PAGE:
Two fuel trucks exploded in the Nigerian capital of Abuja during rush-hour traffic Wednesday, following threats of attacks from terror sect Boko Haram.
Authorities cited a possible electrical problem in one of the tankers, but did not suspect sabotage. The explosion comes after Nigeria rejected a U.S. Embassy warning that Boko Haram was planning to attack targets in Abuja.
Police say both tankers exploded near gas stations but were separate incidents occurring in separate neighborhoods.
Passers-by, cognizant of the rising terror threat, fled in terror after hearing large explosions. Witnesses said that roadblocks were erected and plumes of smoke covered the city.
The explosions came a day after President Goodluck Johnathan said the country is safe to visit, citing a one-day trip to the contentious northeastern region of the country by French Foreign Minister Alain Juppe.
Johnathan, who is embroiled in a fuel subsidy case that could raise the country’s inflation rate by 13 percent, claimed last week the Boko Haram is a “temporary problem.”
Abuja residents had been on edge after recent Boko Haram threats, and the U.S. Embassy warning. Despite Johnathan’s downplaying of the situation, residents are increasingly likely to believe Boko Haram will carry out attacks it plans – and that the government is doing the country no favors by not taking the terror sect seriously.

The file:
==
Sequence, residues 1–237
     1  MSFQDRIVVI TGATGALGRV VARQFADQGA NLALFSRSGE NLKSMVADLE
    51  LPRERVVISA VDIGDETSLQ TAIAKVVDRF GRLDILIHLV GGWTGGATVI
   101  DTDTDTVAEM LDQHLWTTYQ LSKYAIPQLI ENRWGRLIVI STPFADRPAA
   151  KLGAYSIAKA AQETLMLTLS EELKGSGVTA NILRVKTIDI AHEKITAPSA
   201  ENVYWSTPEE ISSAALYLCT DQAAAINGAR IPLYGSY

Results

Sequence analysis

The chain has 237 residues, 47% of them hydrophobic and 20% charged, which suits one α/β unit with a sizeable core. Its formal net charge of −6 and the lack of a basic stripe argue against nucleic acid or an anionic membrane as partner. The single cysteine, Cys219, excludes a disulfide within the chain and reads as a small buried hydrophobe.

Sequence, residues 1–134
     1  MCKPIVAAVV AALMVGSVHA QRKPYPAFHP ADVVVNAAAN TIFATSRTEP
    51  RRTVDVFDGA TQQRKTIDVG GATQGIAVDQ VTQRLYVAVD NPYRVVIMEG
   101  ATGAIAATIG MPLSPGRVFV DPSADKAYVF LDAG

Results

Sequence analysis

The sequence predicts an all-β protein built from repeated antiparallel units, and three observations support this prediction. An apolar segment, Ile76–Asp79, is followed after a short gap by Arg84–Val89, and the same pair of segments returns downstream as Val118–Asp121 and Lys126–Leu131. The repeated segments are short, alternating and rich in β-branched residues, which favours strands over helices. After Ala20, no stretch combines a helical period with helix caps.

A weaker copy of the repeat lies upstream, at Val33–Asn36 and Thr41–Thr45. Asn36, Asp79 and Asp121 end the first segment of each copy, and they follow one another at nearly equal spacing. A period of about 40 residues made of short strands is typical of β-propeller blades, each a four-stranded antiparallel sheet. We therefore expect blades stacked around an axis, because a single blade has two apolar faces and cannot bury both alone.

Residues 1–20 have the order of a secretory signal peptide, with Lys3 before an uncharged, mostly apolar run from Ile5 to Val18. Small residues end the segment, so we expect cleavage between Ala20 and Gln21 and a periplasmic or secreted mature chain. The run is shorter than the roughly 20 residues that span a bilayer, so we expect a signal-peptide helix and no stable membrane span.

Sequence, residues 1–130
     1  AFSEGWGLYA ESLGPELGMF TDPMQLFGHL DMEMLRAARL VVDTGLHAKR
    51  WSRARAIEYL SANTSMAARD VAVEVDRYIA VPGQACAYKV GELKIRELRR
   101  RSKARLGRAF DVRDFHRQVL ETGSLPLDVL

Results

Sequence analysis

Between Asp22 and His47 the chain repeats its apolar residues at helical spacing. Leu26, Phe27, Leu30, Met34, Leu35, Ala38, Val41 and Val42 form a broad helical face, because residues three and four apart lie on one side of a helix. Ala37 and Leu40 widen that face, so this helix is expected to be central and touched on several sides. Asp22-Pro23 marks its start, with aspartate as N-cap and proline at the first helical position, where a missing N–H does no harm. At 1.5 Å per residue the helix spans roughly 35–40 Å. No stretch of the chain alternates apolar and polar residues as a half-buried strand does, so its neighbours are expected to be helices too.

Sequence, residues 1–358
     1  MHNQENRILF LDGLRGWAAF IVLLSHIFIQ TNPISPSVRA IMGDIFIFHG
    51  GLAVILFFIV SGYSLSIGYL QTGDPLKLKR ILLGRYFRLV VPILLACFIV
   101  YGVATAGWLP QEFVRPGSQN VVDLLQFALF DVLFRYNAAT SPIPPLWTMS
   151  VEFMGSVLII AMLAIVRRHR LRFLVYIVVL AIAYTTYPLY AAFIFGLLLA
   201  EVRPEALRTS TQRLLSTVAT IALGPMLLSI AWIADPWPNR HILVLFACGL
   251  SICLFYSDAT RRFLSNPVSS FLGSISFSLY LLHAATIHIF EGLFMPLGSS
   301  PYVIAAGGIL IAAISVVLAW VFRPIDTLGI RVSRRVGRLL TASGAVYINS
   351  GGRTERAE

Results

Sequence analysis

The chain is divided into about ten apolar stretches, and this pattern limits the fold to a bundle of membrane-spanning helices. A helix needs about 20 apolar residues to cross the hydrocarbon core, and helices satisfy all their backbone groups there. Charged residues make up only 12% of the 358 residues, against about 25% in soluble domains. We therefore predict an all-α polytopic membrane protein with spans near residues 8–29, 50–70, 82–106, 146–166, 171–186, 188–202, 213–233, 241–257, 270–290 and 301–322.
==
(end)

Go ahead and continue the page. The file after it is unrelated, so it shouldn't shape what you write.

To date, Johnathan has sent three troops of soldiers to Yobe state, where attacks last week killed more than 150 people, including 120 Christians. A 24-hour curfew was issued, but was lifted after only eight hours. Two people were killed shortly thereafter. A police motorcade was bombed in the region on Tuesday.
Johnathan has asked for Christians to pray for Nigeria.
Nigeria is Africa’s most populous country and considerably richer than countries in the region due to its expansive oil reserves. Its central government, however, is weak.
Boko Haram violence began last year. The terror sect has bombed a U.N. building, killed more than 500 people and conducted suicide bombings and assassinations.
The group, whose name translates to “western religion is sacrilege,” is fighting to implement Shariah – Islamic law – throughout Nigeria. The group has targeted Christians in the mostly-Muslim northern region of the country, as well as Muslims and government officials who disagree with the group’s fundamentalism.